Careful Words

run (n.)

run (v.)

run (adj.)

Satire's my weapon, but I'm too discreet

To run amuck, and tilt at all I meet.

Alexander Pope (1688-1744): Satires, Epistles, and Odes of Horace. Satire i. Book ii. Line 69.

For those that run away and fly,

Take place at least o' the enemy.

Samuel Butler (1600-1680): Hudibras. Part i. Canto iii. Line 609.

Then fly betimes, for only they

Conquer Love that run away.

Thomas Carew (1589-1639): Conquest by Flight.

Time will run back and fetch the age of gold.

John Milton (1608-1674): Hymn on Christ's Nativity. Line 135.

Thus far we run before the wind.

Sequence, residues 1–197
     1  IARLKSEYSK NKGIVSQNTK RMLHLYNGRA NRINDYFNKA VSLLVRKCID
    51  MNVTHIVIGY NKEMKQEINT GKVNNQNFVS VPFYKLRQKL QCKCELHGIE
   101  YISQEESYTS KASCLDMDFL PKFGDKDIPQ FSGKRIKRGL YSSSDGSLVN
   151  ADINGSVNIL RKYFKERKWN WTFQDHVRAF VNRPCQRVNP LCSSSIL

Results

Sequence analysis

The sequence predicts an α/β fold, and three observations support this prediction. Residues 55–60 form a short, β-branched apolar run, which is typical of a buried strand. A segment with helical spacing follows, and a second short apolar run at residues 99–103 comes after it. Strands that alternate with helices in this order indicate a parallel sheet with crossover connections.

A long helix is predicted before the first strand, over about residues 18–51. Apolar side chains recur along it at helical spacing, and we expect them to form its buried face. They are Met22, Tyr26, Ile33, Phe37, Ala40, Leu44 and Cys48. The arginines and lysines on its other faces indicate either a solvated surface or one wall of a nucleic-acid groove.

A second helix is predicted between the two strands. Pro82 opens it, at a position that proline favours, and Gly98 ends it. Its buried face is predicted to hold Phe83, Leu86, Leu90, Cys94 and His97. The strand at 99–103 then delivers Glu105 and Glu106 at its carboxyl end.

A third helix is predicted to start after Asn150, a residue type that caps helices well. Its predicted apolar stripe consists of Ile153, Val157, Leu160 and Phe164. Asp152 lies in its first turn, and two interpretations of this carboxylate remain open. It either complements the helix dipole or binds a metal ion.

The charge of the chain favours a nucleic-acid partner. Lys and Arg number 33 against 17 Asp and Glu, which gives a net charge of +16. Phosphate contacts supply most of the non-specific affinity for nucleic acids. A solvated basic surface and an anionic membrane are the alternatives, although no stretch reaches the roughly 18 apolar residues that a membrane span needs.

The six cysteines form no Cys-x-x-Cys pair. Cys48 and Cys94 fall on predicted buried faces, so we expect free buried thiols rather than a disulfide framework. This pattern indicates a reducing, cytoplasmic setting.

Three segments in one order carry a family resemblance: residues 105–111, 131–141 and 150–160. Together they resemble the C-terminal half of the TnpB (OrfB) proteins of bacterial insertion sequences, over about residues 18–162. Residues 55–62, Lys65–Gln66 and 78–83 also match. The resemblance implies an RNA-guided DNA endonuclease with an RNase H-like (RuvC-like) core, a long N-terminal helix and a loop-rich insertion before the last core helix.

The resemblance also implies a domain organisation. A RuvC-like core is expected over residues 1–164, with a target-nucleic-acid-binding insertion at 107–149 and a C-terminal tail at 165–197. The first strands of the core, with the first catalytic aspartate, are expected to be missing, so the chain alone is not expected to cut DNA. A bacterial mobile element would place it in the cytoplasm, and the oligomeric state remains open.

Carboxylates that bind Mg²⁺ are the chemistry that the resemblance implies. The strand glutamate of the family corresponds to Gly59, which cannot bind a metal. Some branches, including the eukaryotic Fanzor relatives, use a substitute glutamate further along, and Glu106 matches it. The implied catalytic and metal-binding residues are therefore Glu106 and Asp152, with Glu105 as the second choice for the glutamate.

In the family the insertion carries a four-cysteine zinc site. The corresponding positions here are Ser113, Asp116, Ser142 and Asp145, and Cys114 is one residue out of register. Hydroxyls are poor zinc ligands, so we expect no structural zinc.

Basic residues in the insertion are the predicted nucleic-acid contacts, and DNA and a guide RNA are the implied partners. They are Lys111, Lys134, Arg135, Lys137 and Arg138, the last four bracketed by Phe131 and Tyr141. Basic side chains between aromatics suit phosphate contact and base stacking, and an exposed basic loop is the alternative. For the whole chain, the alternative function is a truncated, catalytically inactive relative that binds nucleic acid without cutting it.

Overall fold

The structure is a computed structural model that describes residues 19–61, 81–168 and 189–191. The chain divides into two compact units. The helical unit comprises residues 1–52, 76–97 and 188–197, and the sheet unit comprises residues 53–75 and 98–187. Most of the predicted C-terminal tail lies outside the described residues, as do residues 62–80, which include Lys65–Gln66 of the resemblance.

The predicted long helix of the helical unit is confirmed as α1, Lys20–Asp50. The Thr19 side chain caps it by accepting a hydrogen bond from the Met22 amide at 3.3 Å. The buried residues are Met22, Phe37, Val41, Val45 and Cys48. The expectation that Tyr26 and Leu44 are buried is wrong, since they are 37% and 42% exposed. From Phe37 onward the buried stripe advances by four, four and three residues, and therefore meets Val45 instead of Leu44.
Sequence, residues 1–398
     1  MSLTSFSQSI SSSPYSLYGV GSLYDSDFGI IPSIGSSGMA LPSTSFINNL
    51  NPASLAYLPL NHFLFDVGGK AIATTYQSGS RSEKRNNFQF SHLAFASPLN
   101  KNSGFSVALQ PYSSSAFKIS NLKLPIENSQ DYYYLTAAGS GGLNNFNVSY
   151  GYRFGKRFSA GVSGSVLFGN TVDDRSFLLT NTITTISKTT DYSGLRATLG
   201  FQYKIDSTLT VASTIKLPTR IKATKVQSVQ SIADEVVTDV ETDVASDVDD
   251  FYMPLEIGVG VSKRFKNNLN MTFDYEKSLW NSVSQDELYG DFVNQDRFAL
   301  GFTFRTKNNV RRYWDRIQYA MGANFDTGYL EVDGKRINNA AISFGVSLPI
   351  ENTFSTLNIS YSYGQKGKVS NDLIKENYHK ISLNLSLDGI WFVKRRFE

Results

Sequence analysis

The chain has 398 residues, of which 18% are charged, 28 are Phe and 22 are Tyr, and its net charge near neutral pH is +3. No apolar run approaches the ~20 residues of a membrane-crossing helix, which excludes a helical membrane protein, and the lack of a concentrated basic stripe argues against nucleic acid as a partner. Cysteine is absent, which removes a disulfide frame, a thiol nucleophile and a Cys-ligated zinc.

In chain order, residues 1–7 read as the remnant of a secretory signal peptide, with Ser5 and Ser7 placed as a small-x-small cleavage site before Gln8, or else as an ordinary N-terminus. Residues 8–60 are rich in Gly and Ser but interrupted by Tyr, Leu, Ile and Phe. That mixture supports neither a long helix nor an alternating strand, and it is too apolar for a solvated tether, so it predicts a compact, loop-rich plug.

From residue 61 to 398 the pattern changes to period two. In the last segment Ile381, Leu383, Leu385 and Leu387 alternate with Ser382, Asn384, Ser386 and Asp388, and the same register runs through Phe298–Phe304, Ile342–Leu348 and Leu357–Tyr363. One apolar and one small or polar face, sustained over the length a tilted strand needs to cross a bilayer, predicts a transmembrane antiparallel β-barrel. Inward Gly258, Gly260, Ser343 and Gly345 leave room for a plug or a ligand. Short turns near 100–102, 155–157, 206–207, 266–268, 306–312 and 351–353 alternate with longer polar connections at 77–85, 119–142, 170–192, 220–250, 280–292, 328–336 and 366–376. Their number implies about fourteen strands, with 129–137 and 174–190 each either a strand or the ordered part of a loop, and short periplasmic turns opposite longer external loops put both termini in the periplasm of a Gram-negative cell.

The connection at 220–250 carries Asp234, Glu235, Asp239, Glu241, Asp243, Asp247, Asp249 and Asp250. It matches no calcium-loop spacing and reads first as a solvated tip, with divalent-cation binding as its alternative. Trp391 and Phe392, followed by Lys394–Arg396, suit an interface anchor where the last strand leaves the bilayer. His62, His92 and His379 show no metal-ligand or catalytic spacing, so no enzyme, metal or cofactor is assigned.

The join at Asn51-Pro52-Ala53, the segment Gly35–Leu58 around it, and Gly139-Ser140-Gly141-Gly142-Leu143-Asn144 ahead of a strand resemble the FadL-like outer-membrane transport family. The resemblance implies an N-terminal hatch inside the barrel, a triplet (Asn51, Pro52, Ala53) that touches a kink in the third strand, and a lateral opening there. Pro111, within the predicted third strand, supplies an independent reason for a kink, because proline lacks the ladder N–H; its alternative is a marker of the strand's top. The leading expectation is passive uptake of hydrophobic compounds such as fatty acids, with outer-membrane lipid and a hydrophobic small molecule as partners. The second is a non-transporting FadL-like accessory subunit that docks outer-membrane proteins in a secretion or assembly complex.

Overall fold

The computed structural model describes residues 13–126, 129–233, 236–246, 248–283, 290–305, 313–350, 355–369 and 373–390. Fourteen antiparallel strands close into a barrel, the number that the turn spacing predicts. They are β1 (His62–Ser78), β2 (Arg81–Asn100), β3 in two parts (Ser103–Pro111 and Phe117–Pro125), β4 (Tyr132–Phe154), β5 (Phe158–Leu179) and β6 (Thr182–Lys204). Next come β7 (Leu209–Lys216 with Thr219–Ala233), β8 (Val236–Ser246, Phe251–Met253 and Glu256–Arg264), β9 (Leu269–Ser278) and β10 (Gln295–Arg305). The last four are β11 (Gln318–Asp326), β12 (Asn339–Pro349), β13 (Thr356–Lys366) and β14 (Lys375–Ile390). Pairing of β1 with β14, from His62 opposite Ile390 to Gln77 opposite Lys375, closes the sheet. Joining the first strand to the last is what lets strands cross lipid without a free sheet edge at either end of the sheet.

Arthur Murphy (1727-1805): The Apprentice. Act v. Sc. 1.

  Write the vision, and make it plain upon tables, that he may run that readeth it.

Old Testament: Habakkuk ii. 2.

But now my task is smoothly done,

I can fly, or I can run.

John Milton (1608-1674): Comus. Line 1012.

  Many shall run to and fro, and knowledge shall be increased.

Old Testament: Daniel xii. 4.

What more felicitie can fall to creature

Than to enjoy delight with libertie,

And to be lord of all the workes of Nature,

To raine in th' aire from earth to highest skie,

To feed on flowres and weeds of glorious feature.

Edmund Spenser (1553-1599): Muiopotmos: or, The Fate of the Butterflie. Line 209.

  I mean not to run with the Hare and holde with the Hounde.

John Lyly (Circa 1553-1601): Euphues, 1579 (Arber's reprint), page 107.

To hold with the hare and run with the hound.

John Heywood (Circa 1565): Proverbes. Part i. Chap. x.